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Application of Positive Psychology Principles

Autor:   •  July 3, 2018  •  Research Paper  •  2,425 Words (10 Pages)  •  73 Views

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Running Head: PERSONAL APPLICATIONS OF PTG AND SDT                        1

Posttraumatic Growth and Self-Determination Theory: Theories, Research Findings, and Personal Applications

Lee Xianlong, Mervin

The School of Positive Psychology


PERSONAL APPLICATIONS OF PTG AND SDT                                        2

Posttraumatic Growth and Self-Determination Theory: Theories, Research Findings, and Personal Applications

Introduction

        While traditional psychology tends to focus on the treatment of disturbances and dysfunctions, Positive Psychology (PP) focuses on the achievement of satisfactory and fulfilling lives instead. As a branch of psychology that emphasises on using the scientific method to study and determine positive development, PP complements and extends the traditional areas of psychology that have been dominant for many decades. In this paper, I will be examining the PP principles of Posttraumatic Growth (PTG) and Self-Determination Theory (SDT): their theories and research findings followed by the feasibility, and potential benefits and drawbacks of incorporating them into my personal life.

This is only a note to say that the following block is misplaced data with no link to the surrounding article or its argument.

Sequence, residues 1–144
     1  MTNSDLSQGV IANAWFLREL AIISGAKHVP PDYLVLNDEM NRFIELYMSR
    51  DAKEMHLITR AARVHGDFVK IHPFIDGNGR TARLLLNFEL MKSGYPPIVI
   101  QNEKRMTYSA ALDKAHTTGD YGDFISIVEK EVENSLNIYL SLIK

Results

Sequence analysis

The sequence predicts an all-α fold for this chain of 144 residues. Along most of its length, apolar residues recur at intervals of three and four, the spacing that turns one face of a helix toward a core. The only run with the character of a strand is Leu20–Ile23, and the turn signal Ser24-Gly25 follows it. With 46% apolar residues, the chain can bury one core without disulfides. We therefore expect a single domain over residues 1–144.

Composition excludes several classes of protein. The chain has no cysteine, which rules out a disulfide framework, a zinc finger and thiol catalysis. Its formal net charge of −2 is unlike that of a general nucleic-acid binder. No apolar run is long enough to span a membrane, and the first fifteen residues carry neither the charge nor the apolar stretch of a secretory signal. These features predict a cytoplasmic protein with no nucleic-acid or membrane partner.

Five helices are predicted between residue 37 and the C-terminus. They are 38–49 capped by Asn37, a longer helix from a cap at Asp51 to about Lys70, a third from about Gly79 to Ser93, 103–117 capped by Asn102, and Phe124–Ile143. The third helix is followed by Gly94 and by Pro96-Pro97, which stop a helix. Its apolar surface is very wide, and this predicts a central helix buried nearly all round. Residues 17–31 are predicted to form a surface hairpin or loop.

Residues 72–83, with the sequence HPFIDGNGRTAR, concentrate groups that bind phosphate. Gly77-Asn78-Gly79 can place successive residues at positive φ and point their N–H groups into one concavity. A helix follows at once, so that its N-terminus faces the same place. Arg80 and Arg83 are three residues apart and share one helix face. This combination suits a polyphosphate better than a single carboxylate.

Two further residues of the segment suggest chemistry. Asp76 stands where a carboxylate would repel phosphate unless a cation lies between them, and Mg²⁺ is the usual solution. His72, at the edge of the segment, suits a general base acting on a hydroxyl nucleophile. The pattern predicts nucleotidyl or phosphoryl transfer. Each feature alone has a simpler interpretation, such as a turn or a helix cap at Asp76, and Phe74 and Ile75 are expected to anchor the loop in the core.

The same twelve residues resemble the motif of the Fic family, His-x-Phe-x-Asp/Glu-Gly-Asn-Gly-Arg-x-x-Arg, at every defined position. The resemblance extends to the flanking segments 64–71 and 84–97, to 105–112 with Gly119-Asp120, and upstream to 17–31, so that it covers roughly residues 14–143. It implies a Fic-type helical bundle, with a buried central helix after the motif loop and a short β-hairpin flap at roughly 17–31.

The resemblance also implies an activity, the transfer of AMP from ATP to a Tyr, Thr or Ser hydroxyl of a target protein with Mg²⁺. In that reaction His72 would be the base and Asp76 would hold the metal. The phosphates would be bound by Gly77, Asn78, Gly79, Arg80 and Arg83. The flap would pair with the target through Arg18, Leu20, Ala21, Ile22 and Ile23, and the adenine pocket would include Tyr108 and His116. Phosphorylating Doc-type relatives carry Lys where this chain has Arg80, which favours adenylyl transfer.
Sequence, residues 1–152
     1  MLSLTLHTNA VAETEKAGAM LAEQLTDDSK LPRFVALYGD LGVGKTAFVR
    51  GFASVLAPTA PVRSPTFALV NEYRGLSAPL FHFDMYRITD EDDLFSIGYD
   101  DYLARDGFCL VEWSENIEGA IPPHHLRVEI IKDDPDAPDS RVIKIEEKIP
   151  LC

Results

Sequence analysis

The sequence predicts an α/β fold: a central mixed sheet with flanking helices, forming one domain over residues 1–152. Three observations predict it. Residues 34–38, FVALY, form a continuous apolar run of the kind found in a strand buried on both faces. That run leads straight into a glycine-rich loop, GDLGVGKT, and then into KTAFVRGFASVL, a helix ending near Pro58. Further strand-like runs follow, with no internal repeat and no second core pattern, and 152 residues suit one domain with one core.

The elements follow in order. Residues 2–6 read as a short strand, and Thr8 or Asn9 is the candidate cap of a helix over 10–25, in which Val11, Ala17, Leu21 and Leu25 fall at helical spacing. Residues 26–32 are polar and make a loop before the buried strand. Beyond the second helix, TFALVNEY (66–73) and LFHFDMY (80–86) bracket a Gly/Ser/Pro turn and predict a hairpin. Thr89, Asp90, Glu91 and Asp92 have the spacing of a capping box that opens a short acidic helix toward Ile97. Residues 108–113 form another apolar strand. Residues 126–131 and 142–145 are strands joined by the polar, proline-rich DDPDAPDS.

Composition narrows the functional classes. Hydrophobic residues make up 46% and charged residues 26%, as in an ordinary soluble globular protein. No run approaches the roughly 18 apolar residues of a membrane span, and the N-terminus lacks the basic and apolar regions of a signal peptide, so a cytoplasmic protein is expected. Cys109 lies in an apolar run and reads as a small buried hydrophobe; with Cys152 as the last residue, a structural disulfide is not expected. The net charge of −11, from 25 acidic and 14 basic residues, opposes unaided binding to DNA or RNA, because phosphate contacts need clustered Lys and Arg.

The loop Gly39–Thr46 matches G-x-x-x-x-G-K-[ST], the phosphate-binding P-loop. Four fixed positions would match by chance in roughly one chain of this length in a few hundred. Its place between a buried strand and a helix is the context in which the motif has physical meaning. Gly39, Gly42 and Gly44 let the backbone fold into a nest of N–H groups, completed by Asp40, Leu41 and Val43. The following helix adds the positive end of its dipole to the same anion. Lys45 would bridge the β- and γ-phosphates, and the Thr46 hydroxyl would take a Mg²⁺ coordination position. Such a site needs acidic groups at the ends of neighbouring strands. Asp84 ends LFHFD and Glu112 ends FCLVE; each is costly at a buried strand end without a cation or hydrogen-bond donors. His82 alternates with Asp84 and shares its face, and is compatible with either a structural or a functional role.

Posttraumatic Growth        

For the purpose of this paper, the term trauma is used to describe circumstances that significantly challenge or invalidate an individual’s adaptive resources, as well as his or her understanding of the world and place in it (Janoff- Bulman, 1992). Whilst trauma may lead to conditions such as Posttraumatic Stress Disorder (PTSD; Kessler, Sonnega, Bromet, Hughes, & Nelson, 1995), Tedeschi and Calhoun (1995) identified positive psychological changes that can lead to PTG instead.